Glasgow-based Merlin James’ small architectural paintings invite various associations – domesticity, industry, nostalgia. The mix or alternation of functionality and ornament, and the reference to models or source images, create resonances with the artificial structuring and ‘building’ of the paintings themselves. In The Village Voice, RC Baker compares James’ paintings to an old favorite, Albert York. “Rarely more than two feet on a side, James’s paintings depict various structures absent any activity—a stone viaduct traverses a gorge, muggy light blurring the heavy arches; a twilit office building casts a triangular shadow into a vacant lot. In 2007’s ‘Yellow Roof,’ the bright colors of what might be a carnival attraction have been dryly dragged across the canvas, finding harmony with the gray sky. James achieves real drama by sometimes shifting hues over rough textures, the colors implying one shape, while the underlying surface suggests another form already occupying the space. For inspiration, this Glasgow-based artist uses small-scale models cobbled together from studio detritus, passages cribbed from other painters’ backgrounds, and buildings glimpsed in old photographs. Like Albert Pinkham Ryder (or, more recently, Albert York), James paints scenes that remain compellingly elusive even when you’re looking right at them.”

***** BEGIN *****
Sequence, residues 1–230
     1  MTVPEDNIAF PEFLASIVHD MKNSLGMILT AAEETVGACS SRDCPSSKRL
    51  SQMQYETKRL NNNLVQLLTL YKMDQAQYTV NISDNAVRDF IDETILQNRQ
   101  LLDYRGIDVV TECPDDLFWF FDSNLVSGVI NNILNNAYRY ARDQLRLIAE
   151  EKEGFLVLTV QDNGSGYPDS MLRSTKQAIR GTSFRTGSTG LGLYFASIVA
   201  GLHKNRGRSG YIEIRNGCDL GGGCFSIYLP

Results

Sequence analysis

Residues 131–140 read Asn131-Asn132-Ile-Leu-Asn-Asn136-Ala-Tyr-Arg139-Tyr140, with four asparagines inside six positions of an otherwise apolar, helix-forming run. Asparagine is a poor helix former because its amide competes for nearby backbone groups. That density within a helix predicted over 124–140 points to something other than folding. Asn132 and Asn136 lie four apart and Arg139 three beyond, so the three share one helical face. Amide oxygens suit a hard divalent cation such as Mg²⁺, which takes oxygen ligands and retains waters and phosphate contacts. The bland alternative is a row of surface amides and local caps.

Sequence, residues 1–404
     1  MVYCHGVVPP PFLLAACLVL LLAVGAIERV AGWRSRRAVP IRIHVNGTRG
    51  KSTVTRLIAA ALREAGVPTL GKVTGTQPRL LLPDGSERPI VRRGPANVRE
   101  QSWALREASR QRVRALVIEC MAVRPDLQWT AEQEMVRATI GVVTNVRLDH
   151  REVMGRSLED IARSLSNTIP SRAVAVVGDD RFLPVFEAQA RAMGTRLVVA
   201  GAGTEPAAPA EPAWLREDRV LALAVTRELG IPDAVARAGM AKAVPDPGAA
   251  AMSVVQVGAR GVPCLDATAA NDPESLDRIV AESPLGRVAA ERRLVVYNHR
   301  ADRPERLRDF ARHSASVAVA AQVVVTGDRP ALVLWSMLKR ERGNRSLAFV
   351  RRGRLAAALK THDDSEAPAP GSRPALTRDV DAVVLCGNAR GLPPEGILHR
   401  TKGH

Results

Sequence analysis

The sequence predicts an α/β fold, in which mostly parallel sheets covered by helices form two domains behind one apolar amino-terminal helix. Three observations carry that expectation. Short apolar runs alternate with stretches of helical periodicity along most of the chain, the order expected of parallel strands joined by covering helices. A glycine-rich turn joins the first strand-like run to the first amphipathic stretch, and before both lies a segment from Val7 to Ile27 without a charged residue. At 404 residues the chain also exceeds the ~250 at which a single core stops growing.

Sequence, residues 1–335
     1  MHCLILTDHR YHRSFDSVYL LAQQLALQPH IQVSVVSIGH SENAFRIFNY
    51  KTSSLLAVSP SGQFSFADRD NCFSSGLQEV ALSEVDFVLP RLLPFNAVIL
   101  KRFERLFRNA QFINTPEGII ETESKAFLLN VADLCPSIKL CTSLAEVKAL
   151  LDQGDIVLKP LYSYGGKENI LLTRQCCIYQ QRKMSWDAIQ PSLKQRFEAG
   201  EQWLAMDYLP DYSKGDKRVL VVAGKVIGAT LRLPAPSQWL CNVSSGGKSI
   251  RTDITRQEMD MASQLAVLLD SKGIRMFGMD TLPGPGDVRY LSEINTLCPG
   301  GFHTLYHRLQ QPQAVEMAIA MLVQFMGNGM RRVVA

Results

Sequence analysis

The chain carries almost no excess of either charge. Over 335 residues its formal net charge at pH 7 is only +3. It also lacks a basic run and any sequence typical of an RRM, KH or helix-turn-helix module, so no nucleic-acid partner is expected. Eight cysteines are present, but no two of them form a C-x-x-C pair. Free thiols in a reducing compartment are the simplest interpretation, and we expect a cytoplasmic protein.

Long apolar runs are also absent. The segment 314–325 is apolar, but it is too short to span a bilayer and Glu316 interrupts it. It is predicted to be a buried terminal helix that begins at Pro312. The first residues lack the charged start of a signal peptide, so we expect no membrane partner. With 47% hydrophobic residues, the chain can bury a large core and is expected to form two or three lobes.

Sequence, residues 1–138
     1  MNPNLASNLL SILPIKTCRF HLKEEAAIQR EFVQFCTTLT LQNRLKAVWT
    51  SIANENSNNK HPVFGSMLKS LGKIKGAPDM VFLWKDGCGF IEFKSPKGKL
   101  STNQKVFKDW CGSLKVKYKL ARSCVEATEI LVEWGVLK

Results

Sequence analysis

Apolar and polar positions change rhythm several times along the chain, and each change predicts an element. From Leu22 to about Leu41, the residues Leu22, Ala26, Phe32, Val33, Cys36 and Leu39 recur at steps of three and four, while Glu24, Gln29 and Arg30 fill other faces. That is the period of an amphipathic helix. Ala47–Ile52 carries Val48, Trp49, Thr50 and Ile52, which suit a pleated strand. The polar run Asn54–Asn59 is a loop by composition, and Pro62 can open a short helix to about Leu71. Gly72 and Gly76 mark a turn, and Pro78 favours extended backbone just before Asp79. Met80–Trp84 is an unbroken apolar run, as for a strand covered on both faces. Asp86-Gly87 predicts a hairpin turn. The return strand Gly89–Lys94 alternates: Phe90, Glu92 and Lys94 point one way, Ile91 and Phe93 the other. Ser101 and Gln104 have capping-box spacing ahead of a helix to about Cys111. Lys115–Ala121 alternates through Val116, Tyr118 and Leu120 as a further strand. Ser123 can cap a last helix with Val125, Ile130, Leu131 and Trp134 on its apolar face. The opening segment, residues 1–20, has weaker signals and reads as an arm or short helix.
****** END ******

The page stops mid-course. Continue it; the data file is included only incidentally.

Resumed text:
“Merlin James,” Sikkema Jenkins, New York, NY. Through Jan. 12, 2008.
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